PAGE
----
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Do-It-Yourself Windows File Recovery Software: A Comparison

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File Compression : .ZIP vs .RAR

When compressing your files into a more portable format, it's pretty normal to go straight for the zipped folder (.zip) option. Many users find themselves happy to use the functionality that Windows ships with, but is this always the best option? What other options are there, and why turn to these if .zip is perfectly adequate? The following article will attempt to answer these questions and help improve general knowledge in this area.

Depending on how often you use the web, you may have already encountered alternate file compression formats, each with their own merits. Proponents of .rar files will often tell you that it's faster and more efficient, but is it worth the extra hassle of acquiring the software to use this file format? The RAR file is in fact the only file compression format that allows the 'splitting' of contents into different volume partitions. This is useful because it permits the saving of entire data libraries in a single file format as opposed to manually splitting the files and compressing them all separately. An example of where splitting into volumes would help is if you wanted to send a 500mb file but your email service does not permit files of that size. Using RAR, the file could be automatically split into smaller chunks and then reassembled upon extraction at the other end. ZIP does not support this approach—there is no reasonable way of splitting files and piecing them back together.

The way that the RAR splitting works is conducted simply by using "samplefile.part##.rar" syntax so that the extraction software knows the archive is split into parts and also whether or not all of these parts are available. The relatively easy method of setting up and archiving using RAR has led to it being the one of the most popular methods of preparing large media for uploading and downloading across the internet.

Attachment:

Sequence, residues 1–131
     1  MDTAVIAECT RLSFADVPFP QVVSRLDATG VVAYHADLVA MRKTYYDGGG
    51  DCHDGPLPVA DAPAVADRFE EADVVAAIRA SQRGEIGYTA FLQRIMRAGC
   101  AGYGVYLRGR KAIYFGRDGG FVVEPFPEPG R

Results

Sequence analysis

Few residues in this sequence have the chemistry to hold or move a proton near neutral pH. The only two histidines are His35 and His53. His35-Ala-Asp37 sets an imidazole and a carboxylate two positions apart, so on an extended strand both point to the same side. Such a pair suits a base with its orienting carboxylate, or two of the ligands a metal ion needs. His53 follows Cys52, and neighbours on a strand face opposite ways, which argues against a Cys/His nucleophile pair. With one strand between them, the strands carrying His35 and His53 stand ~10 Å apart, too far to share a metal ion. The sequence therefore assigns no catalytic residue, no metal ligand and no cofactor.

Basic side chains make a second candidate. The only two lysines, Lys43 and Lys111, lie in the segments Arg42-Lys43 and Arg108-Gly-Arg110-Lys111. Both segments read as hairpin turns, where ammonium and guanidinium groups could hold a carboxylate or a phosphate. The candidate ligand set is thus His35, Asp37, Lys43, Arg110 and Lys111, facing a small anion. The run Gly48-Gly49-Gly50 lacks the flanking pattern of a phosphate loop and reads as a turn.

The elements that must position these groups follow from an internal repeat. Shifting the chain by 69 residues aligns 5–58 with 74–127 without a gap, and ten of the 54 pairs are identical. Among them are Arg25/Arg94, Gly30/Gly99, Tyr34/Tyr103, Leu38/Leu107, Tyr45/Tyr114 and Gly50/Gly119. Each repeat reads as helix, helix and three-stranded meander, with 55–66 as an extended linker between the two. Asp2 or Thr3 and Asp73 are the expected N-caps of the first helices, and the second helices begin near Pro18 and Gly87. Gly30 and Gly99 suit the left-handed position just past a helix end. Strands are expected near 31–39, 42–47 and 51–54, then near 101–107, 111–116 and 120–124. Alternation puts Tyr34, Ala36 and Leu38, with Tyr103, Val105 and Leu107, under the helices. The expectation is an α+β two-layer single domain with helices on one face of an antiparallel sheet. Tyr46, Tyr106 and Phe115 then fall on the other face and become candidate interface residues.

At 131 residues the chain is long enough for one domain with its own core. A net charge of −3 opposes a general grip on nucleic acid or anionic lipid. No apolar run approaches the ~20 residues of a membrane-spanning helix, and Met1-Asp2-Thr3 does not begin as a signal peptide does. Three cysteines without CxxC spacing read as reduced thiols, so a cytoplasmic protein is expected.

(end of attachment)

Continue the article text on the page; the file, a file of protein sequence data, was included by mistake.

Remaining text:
The main disadvantage of RAR is its own uniqueness. Many users would consider acquiring bespoke software to operate it as unwanted hassle. It can be confusing upon first encounters because you cannot view the contents of a RAR file through Windows explorer as you can with .zip files; the thumbnail appears white and the file is unrecognised unless you have software such as WinRAR to recognise it. A final but only very minor downside to RAR files is related to picture viewing. With a ZIP file, you can view all the pictures in the folder without extracting by opening them and clicking through each one, using Windows photo viewer or a similar program. With RAR however, each file will be on its own and therefore you will not be able to quickly check through them as with ZIP.

When choosing which file type is most appropriate, it really should depend on the size of what it is that is being archived. With smaller documents, ZIP is still perfectly adequate, but as files get larger, it will perform more slowly and take longer to prepare and extract the contents than with the RAR alternative.

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